Subscribe To Undateable Gets A Season 2 Call Back On NBC Updates
In the TV world, NBC is often the butt of a lot of bad jokes. The network gets flack for low ratings and its formerly dominant Thursday night comedy block, and between all of the jokes it’s easy to miss the network’s successes. On Friday, NBC renewed the summer comedy Undateable, a half-hour sitcom about a bunch of dudes and a divorced lady in her thirties who all have problems and/or fears about not being a good catch.

Renewing a series does not necessarily indicate a show is crushing, but in Undateable’s case, the numbers look pretty solid. Of course, you need to consider that summer television doesn’t always manage the same number of eyeballs as the fall premieres. That being said, Undateable has done pretty well, premiering with a 1.3 rating in the 18-49 demographic and holding fairly steady in the weeks following the big premiere. As Deadline is noting, that’s good enough to edge out Fox’s splashier summer thriller Gang Related, and to ensure the network will bring back Undateable for Season 2.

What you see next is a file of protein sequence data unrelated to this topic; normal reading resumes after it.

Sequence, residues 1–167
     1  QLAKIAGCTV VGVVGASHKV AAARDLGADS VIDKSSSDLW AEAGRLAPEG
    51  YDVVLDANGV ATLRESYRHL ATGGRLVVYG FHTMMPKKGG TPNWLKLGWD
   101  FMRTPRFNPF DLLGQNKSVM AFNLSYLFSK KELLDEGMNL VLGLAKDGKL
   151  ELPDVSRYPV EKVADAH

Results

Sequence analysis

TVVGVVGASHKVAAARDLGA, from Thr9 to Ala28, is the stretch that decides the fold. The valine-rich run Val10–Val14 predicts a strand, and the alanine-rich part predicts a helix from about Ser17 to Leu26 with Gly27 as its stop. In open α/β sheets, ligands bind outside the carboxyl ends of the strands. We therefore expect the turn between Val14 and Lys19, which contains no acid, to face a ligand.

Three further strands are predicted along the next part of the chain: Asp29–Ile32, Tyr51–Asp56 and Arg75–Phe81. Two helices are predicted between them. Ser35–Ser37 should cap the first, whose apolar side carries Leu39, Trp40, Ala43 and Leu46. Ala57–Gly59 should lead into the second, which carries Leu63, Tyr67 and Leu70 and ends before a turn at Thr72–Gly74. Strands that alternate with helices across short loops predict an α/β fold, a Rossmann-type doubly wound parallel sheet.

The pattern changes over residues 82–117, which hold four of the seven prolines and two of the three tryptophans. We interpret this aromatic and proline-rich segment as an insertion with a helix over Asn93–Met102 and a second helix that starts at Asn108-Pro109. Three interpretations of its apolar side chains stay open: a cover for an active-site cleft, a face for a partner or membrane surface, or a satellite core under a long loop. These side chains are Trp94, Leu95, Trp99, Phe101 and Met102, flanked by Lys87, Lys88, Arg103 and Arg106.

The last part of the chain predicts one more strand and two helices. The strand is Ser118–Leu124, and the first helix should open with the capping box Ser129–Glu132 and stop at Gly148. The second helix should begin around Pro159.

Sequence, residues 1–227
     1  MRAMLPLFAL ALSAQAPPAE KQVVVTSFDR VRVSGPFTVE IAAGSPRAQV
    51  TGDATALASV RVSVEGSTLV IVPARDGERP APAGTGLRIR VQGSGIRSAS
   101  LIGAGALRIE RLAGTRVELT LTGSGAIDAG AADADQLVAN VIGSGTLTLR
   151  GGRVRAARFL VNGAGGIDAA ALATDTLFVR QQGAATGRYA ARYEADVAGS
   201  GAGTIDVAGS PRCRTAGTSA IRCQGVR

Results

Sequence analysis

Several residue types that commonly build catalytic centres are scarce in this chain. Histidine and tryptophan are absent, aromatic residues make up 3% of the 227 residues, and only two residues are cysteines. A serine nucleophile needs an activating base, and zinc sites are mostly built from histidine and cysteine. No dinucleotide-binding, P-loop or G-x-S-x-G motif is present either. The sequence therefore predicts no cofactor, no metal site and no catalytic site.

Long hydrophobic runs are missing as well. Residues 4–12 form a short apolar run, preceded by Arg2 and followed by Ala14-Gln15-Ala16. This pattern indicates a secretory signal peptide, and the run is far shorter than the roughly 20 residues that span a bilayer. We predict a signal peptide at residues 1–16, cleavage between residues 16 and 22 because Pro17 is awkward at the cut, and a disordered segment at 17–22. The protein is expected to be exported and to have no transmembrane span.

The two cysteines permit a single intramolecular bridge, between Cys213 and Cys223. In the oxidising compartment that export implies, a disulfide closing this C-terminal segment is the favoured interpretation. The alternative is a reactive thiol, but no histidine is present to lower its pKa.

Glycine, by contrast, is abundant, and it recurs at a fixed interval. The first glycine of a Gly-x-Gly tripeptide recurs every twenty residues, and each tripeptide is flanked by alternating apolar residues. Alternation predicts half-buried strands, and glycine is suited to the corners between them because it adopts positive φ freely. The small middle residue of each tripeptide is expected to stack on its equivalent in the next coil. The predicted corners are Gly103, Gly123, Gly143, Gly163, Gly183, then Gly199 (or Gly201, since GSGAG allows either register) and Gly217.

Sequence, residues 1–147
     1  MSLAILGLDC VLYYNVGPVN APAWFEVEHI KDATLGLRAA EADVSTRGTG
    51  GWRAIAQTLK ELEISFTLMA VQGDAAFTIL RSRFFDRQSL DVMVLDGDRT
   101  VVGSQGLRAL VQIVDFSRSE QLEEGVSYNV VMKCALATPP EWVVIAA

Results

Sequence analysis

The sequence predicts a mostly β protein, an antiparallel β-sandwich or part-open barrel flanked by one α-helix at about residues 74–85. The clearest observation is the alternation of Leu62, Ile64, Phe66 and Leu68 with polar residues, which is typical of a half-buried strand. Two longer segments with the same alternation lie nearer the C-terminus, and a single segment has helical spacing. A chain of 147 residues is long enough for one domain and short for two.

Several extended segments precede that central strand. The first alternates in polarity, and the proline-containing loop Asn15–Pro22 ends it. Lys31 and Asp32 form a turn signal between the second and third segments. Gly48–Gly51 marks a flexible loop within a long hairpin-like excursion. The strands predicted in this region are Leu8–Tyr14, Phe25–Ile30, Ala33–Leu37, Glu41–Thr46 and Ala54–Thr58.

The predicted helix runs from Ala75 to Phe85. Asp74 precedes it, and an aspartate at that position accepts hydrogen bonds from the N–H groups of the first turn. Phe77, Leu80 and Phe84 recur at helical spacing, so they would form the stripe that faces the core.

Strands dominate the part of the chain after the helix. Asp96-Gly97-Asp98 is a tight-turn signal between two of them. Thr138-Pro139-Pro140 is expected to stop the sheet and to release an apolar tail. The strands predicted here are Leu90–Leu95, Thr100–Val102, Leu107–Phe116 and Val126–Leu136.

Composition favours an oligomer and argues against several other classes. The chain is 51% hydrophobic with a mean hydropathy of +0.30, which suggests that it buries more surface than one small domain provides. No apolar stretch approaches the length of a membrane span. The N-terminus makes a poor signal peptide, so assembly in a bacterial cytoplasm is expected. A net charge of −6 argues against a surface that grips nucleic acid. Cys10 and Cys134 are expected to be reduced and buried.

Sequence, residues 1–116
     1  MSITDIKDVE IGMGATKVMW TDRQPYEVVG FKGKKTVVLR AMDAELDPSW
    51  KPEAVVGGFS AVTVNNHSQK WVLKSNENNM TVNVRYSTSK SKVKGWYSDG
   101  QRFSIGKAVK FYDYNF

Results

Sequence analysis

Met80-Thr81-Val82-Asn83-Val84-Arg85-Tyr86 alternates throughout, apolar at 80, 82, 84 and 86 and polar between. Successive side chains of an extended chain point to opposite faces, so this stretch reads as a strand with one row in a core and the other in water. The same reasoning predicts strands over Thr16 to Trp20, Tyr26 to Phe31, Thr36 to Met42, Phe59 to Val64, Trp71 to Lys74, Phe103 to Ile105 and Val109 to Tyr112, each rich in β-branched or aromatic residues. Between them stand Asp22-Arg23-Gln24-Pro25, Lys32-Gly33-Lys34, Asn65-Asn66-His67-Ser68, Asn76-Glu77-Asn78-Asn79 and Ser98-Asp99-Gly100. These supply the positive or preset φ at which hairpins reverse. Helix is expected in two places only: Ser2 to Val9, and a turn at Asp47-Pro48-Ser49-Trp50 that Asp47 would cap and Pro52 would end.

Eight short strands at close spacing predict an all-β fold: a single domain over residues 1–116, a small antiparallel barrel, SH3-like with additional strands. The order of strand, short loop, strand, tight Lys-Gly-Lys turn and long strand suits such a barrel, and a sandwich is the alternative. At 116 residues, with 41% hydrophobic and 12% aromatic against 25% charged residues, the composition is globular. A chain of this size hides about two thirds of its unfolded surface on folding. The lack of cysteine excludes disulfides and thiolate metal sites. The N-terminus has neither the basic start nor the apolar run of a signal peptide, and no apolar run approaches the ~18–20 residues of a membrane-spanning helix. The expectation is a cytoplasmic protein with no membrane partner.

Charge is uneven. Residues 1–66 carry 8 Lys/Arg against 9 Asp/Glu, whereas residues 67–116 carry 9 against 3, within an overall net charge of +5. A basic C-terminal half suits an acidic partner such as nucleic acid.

To be clear, Undateable is a great ratings-bringer for NBC, but it’s not the greatest ratings hit of the summer. TV events like The Last Ship and, yes, even Sharknado 2 have brought in greater numbers, with the former premiering to 7.4 million total viewers and the latter reaching 3.9 million total viewers. Still, Undateable managed a steady audience, while many of NBC’s comedies this season totally faltered, including shows with star power behind them, like the The Michael J. Fox Show and Sean Saves the World.

Creator Bill Lawrence was the first to break the news late last night, taking to Twitter to share the big news.

While Undateable is one of NBC’s newest shows that avoided the cancellation axe, the network is going in a brand new direction with its fall lineup. Thursday night will no longer be comedy based, with The Blacklist moving to Thursdays to make the network more competitive. We’ll see if NBC can manage to maneuver itself away from bad jokes made at its expense, once and for all.

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